Usual recommended dose of Midodrine is 10 mg by mouth 3 times daily.

Transthyretin Binders

Class Summary

Accumulation of amyloid fibrils composed of misfolded transthyretin protein in the heart leads to transthyretin amyloid cardiomyopathy and heart failure. Drugs that stabilize the amyloidogenic process may slow disease progression.

Tafamidis (Vyndamax)

Tafamidis is indicated for cardiomyopathy of wild-type or hereditary transthyretin-mediated amyloidosis (ATTR-CM) in adults to reduce cardiovascular mortality and cardiovascular-related hospitalization. Tafamidis is a selective stabilizer of TTR. Tafamidis binds to TTR at thyroxine binding sites, stabilizing the tetramer and slowing dissociation into monomers, the rate-limiting step in the amyloidogenic process. NOTE: Tafamidis and tafamidis meglumine are not interchangeable on a mg-per-mg basis.

Tafamidis meglumine (Vyndaqel)

Tafamidis meglumine is indicated for cardiomyopathy of wild-type or hereditary transthyretin-mediated amyloidosis (ATTR-CM) in adults to reduce cardiovascular mortality and cardiovascular-related hospitalization. Tafamidis is a selective stabilizer of TTR. Tafamidis binds to TTR at thyroxine binding sites, stabilizing the tetramer and slowing dissociation into monomers, the rate-limiting step in the amyloidogenic process. NOTE: Tafamidis and tafamidis meglumine are not interchangeable on a mg-per-mg basis.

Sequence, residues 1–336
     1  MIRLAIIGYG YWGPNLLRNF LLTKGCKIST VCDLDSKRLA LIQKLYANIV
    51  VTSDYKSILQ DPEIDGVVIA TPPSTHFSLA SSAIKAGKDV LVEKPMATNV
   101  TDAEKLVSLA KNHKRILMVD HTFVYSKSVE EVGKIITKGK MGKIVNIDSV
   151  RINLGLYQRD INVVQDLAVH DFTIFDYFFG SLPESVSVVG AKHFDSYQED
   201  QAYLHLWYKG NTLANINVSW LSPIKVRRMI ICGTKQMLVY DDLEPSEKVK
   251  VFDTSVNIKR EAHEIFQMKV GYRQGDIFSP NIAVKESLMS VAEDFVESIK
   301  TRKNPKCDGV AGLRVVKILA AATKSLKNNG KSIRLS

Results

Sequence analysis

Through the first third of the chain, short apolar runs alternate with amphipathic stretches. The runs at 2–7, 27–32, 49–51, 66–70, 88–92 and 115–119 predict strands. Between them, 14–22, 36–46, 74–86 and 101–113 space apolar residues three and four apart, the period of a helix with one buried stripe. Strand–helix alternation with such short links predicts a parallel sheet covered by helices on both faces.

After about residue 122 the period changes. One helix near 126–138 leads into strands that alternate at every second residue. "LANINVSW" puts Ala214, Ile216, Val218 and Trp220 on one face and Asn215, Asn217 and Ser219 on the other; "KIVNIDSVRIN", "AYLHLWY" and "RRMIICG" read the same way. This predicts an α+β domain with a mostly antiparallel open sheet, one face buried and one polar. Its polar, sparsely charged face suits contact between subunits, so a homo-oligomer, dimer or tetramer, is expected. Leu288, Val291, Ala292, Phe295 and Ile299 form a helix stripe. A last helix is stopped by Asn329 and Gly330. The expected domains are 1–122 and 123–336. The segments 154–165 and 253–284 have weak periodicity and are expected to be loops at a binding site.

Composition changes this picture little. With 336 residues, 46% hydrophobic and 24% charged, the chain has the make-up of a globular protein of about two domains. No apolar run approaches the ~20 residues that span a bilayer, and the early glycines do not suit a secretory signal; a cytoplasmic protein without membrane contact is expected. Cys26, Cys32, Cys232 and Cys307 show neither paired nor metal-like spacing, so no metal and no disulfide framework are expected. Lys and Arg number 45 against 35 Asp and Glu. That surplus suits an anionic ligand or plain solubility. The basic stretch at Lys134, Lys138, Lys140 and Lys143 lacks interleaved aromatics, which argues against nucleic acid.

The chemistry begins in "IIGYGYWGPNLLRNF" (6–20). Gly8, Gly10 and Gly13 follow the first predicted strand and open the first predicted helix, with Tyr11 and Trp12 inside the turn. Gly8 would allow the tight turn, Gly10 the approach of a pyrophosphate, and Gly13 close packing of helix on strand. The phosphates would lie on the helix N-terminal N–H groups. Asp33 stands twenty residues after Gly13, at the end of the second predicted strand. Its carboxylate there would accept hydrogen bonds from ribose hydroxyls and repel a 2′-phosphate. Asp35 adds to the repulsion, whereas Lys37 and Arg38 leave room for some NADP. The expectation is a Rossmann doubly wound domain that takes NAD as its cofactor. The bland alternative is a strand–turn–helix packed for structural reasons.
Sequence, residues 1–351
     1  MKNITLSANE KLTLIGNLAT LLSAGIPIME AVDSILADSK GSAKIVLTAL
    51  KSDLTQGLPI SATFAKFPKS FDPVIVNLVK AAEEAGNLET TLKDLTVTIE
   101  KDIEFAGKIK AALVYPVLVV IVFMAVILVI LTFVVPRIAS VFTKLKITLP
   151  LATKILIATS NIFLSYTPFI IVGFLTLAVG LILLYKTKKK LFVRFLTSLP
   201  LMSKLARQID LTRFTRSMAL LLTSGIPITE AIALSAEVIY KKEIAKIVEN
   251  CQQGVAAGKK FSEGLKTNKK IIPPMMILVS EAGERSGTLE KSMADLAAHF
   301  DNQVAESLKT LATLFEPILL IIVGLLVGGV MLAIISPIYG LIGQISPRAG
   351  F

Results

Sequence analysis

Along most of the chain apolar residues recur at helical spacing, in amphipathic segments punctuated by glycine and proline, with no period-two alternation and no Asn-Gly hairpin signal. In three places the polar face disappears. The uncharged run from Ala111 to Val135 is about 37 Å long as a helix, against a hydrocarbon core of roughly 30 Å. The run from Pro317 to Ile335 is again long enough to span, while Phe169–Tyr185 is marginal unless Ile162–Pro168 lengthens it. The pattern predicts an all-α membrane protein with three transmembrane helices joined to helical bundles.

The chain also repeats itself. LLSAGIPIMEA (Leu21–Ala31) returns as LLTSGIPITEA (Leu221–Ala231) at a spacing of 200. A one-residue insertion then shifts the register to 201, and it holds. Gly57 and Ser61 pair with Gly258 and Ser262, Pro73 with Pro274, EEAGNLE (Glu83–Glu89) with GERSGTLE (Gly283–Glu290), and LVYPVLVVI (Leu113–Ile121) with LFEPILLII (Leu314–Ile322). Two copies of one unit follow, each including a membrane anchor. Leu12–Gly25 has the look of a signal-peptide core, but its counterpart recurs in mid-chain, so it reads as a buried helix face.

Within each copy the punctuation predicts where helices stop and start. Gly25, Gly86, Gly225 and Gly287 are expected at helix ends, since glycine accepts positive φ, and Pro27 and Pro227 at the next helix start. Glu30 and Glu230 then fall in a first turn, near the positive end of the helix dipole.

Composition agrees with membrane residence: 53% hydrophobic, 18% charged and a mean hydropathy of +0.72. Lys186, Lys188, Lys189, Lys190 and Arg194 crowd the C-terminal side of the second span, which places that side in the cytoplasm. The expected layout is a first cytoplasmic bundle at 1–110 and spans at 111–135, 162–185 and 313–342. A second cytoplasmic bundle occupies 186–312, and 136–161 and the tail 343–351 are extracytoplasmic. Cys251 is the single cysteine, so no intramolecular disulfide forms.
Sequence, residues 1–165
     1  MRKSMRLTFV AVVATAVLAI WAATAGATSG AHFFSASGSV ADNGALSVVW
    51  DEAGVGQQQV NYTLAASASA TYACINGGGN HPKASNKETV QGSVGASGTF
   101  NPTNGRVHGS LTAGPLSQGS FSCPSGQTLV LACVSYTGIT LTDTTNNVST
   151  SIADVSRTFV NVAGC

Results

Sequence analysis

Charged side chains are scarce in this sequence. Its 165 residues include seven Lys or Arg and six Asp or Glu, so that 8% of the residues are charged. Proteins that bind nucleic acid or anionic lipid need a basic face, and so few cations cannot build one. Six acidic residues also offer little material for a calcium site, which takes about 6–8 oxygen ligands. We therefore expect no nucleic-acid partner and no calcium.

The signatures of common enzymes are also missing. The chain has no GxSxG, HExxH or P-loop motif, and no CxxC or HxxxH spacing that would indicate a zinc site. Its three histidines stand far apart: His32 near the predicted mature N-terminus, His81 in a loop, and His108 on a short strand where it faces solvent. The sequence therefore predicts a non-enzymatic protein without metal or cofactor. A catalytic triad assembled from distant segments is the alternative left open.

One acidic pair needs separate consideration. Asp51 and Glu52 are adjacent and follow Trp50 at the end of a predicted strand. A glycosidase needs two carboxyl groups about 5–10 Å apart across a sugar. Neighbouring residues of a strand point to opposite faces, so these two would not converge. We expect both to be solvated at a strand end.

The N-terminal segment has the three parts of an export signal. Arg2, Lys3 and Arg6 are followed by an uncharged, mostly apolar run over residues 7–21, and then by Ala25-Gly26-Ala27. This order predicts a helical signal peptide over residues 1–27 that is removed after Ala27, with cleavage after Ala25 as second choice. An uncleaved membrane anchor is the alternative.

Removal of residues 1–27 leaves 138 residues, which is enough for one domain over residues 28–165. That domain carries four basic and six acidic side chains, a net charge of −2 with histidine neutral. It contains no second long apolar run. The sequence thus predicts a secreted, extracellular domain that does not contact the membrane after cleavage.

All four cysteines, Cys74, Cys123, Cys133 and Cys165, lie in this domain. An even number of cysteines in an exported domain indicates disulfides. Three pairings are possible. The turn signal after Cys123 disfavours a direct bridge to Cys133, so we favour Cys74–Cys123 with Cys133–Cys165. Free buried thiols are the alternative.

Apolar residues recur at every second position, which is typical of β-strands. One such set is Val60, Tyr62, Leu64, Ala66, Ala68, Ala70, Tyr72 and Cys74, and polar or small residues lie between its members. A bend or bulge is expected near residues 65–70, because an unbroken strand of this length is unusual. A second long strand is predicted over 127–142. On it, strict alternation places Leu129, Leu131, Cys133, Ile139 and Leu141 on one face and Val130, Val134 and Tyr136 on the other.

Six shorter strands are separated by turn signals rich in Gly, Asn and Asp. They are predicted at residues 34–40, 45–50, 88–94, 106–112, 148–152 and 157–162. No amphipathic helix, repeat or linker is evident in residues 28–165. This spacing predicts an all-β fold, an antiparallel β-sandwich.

Questions & Answers

Overview

What is cardiac amyloidosis?

What is the pathophysiology of cardiac amyloidosis?

What causes cardiac amyloidosis?

What is the prevalence of cardiac amyloidosis in the US?

What is the global prevalence of cardiac amyloidosis?

Which patient groups have the highest prevalence of cardiac amyloidosis?

What are the possible complications of cardiac amyloidosis?

What is the prognosis of cardiac amyloidosis?

What are the mortality rates of cardiac amyloidosis?

Presentation

What are the signs and symptoms of cardiac amyloidosis?

Which physical findings are characteristic of cardiac amyloidosis?

DDX

How is cardiac amyloidosis diagnosed?

Which conditions are included in the differential diagnoses of cardiac amyloidosis?

What are the differential diagnoses for Cardiac Amyloidosis?

Workup

What is the role of lab testing in the workup of cardiac amyloidosis?

What is the role of echocardiography in the workup of cardiac amyloidosis?

What is the role of cardiovascular MRI in the workup of cardiac amyloidosis?

What is the role of nuclear imaging in the workup of cardiac amyloidosis?

What is the role of ECG in the workup of cardiac amyloidosis?

What is the role of cardiac Holter monitoring in the workup of cardiac amyloidosis?

What is the role of electrophysiologic studies in the workup of cardiac amyloidosis?

What is the role of endomyocardial biopsy (EMB) in the workup of cardiac amyloidosis?

What is the role of rectal submucosal biopsy in the workup of cardiac amyloidosis?

What is the role of abdominal fat biopsy in the workup of cardiac amyloidosis?

What is the role of bone marrow biopsy in the workup of cardiac amyloidosis?

Treatment

How is cardiac amyloidosis treated?

Which specialist consultations are beneficial to patients with cardiac amyloidosis?

Medications

What is the role of medications in the treatment of cardiac amyloidosis?

Which medications in the drug class Alpha-Adrenergic Agonists are used in the treatment of Cardiac Amyloidosis?

Which medications in the drug class Anticoagulants, Cardiovascular are used in the treatment of Cardiac Amyloidosis?

Which medications in the drug class Antidysrhythmics, III are used in the treatment of Cardiac Amyloidosis?

Which medications in the drug class Inotropic Agents are used in the treatment of Cardiac Amyloidosis?

Which medications in the drug class Diuretics, Loop are used in the treatment of Cardiac Amyloidosis?